Australia's growing economic relationship with Asian markets,
specifically with China and India, fuelled the country's fifth
trade surplus in July, which economists described as a
steady but mostly insignificant movement.
The latest figures issued by the Australian Bureau of
Statistics Monday also showed that the country's
balance on goods and services reached a seasonally adjusted
surplus of $1.826 billion in the month.
The figures improved from the downwardly revised surplus of
$1.817 billion realised in June but fell short from the $1.9
billion earlier projected by market analysts as economists noted
that Australia's mining boom now serves as a flickering light in
a largely gloomy global economic environment.
The new ABS data also showed that both of the country's export
and import numbers dipped by at least a notch, with the former
retreating in adjusted terms.
The general economic mood is somber, according to JP Morgan
economist Ben Jarman, who told the Australian Associated Press (
) that trade surpluses accumulated since last year cushioned the
impacts of restiveness being felt from the United States, Europe
"In the broader context of the Asian region having a slowdown,
it is a pretty positive result," if not a steady result, Jarman
was quoted by AAP as saying.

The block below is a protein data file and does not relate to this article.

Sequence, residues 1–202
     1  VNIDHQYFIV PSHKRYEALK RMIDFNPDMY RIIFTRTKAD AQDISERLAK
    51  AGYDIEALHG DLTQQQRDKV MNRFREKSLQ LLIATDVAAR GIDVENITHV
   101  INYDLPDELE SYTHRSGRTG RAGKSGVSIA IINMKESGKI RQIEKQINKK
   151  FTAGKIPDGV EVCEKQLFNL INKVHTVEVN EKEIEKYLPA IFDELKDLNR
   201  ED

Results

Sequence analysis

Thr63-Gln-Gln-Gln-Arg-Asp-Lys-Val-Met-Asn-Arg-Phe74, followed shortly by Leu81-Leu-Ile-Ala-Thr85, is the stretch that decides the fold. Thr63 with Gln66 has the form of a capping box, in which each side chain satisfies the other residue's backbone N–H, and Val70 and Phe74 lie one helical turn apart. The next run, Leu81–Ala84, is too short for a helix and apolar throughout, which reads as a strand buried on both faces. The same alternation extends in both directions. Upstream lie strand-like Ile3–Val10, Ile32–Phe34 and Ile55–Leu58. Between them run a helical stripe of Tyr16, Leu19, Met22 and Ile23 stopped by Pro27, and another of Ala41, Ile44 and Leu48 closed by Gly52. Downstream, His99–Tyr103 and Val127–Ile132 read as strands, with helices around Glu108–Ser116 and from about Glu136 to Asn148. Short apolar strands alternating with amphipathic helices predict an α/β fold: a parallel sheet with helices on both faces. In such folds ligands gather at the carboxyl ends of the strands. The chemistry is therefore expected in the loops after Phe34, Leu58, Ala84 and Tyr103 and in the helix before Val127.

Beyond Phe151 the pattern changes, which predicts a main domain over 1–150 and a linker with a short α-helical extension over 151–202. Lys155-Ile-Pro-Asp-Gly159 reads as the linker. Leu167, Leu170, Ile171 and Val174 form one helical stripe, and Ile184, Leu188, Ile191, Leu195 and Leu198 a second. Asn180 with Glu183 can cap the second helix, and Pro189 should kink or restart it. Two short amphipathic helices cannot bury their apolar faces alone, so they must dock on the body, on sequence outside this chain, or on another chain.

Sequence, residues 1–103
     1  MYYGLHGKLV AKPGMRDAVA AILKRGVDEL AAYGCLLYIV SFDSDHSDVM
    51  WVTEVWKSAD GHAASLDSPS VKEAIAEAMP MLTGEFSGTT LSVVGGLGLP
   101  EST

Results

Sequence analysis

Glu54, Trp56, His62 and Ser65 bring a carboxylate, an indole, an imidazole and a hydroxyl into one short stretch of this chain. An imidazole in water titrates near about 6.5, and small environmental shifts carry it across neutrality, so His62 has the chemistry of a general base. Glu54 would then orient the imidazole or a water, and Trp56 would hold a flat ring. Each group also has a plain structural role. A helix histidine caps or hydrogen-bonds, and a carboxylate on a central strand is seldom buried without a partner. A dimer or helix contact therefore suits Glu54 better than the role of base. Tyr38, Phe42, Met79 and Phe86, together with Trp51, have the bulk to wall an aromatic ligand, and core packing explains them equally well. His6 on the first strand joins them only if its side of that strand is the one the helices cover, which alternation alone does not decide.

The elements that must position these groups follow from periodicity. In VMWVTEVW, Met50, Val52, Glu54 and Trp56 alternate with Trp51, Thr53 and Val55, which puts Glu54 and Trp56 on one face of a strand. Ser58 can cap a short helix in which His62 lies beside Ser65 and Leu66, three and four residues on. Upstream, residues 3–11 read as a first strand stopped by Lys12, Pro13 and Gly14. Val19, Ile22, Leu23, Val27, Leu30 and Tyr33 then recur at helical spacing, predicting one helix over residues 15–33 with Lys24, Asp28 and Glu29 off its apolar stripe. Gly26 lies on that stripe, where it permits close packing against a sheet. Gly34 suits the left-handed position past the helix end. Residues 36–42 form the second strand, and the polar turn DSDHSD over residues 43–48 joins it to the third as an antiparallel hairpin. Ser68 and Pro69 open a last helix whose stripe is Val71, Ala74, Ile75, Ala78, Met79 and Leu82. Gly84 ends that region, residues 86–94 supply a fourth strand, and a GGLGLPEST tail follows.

"We've got this long run story of pretty solid demand for iron
ore and coal coming out of the emerging economies and that is
happening against a nice price premium," the JP Morgan analyst
CommSec chief economist Craig James, however, was far
from impressed with the latest Australian trade postings,
which he called as "very unspectacular."
"The bottom line is Australia is still paying its way in the
world and our exports are more than meeting our imports ... and
there were no great surprises, perhaps a little bit weaker than
what we were expecting, there is a margin for error in terms of
the monthly figures," James told AAP.
He added that the trade figures only asserted Australia's
close affinity with Asia's economic activities that he noted are
"doing well and requiring our raw materials."
Overall, James said that the new trade figures highlighted a
growing economy and a solid financial sector for Australia yet
the impressive numbers do not necessarily appear in the trading
atmosphere currently prevailing in the local share market.
"What it should highlight to investors across the globe is it
doesn't make sense for the Australian share market to be
religiously following developments in Europe and the United
States," James stressed.